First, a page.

5 Budget-Friendly Tips to Help You Start a Vegetable Garden from Scratch

Starting a garden
People help harvest vegetables during a Fleet Farming swarm ride in Orlando, Fla. Tina Russell / The Penny Hoarder

I love free food. It makes me excited, probably more than it should.

So the concept of gardening seems fabulous to me.

I say “concept,” because I realize actual gardening includes exposure to bugs, which kinda-sorta freaks me out. But being able to just go to my backyard and pick out fruit for a snack or veggies for lunch — without swiping my debit card — would be awesome.

I’m all for fresh food, reducing my carbon footprint and getting fresh air and exercise, not to mention having loads of extra produce to help save money on groceries.

The thing is… most gardens still require a monetary investment: for tools, supplies, seeds and related expenses. There goes the concept of “free” food.

Fleet Farming, a nonprofit initiative that started in Orlando in 2014, turns neighbors’ lawns into gardens, but it comes with a price: the group asks for a $500 donation to cover the costs of installing and maintaining the plot for a minimum of two years.

How to Start a Vegetable Garden from Scratch

Despite having to fork over some money, the benefits of growing your own garden are still pretty great.

There are lots of creative ways to cut down the costs of growing your own food. Fleet Farming Program Manager Caroline Chomanics offers the following five tips on to help you start a garden on a small budget.

1. Pick Up Leaves

Ever notice your neighbors raking their leaves into big piles and leaving them at the edge of their front lawns to be thrown away? Ask them if you can take those leaves off their hands!

“People throw away leaves on the side of the road all of the time that can be used as a great mulch,” Chomanics said.

Mulch acts as a barrier to block sunlight from the ground’s surface, keeping soil cooler so plants’ roots won’t overheat, according to Better Homes and Gardens.

2. Go Dumpster Diving

Raised garden beds offer a prime environment for a new garden.

They provide good drainage and also help prevent soil compaction, invasion from pathway weeds and pests such as slugs and snails, according to Eartheasy.

But purchasing wood to build one or buying one already built could be costly.

Chomanics recommends upcycling trash to be used for raised beds. One man’s trash is another man’s treasure, right?

“Old wood, cement blocks, bookcases and other discarded items can make great structures for raised bed gardening,” she said.

3. Compost at Home

The soil in your backyard may not always be the rich, earthy stuff that’s prime for growing.

Here in Florida, what makes up the ground is mostly dusty sand — but that doesn’t stop the Fleet Farming group in Orlando.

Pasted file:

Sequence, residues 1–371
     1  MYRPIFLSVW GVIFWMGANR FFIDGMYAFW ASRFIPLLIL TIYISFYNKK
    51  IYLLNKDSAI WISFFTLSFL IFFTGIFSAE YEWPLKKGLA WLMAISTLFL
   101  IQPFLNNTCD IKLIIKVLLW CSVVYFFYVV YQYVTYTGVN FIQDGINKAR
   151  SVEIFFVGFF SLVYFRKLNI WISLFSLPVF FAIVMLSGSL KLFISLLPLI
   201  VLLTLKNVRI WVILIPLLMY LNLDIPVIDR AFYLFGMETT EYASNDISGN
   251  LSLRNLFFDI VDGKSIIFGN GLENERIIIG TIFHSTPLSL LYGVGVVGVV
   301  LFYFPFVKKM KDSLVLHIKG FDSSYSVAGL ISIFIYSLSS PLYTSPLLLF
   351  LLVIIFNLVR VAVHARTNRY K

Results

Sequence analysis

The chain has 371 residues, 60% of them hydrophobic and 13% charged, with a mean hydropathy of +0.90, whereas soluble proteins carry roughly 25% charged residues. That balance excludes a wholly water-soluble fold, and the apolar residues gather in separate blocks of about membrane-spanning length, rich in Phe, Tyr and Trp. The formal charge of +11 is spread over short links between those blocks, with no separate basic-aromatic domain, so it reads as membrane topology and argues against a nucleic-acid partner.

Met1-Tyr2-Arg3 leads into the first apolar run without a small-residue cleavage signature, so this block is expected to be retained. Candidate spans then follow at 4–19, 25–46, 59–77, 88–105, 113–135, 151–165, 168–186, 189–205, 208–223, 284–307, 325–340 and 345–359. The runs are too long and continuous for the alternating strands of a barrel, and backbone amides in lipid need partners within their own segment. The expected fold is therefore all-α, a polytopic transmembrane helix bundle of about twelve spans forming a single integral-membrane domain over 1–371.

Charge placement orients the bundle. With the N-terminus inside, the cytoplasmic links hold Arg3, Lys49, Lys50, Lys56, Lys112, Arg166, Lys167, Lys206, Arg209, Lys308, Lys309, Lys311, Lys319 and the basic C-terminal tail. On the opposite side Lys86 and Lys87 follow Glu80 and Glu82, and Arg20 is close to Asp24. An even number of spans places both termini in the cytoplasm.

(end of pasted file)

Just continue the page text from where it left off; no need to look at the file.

Fleet Farming Director Lee Perry said they use compose from a nearby mushroom farm to help convert sandy dirt to dark, lush, nutrient-rich soil.

“You can compost at home by storing food scraps in a container in the freezer,” Chomanics said.Then, when it is full, turn it in a pile in your yard.”.

“Leaves and grass clippings [as long as it’s unfertilized grass] are great additions,” she said.

Chomanics also advised contacting your local compost provider to find affordable compost. Some cities offer free compost pick-up, she said.

4. Save Seeds

While you might need to buy seeds at your local garden nursery or home improvement store to start out, save money on future planting seasons by holding onto the seeds from the plants you grow.

“Have an endless supply of seeds by harvesting seeds from your harvest,” Chomanics said. “Plants like dill, sunflower and basil offer tons of seeds that you can use every year.”

5. Use Drip Irrigation

Plants are pretty simple. They only need a few things to grow, like sunlight, soil and water. And unless your home is right on a river or creek, that water is not going to come free.

Using a sprinkler to water your garden could have you ending up with a hefty water bill if you don’t do things right.

A drip irrigation system makes sure water is not wasted by targeting exactly where the plants need it.

“Every day, water will drip to the plants,” Chomanics said. “That saves you time watering and is water friendly.”

She recommends installing a water timer hooked up to a hose with a sprinkler. Timers control how much and when your garden is watered.  

A simple garden hose timer costs about $25 through Amazon.

Disclosure: This post includes affiliate links. We’re letting you know because it’s what Honest Abe would do. After all, he is on our favorite coin.

Nicole Dow is a staff writer at The Penny Hoarder. She loves the idea of having a garden, except for dealing with bugs.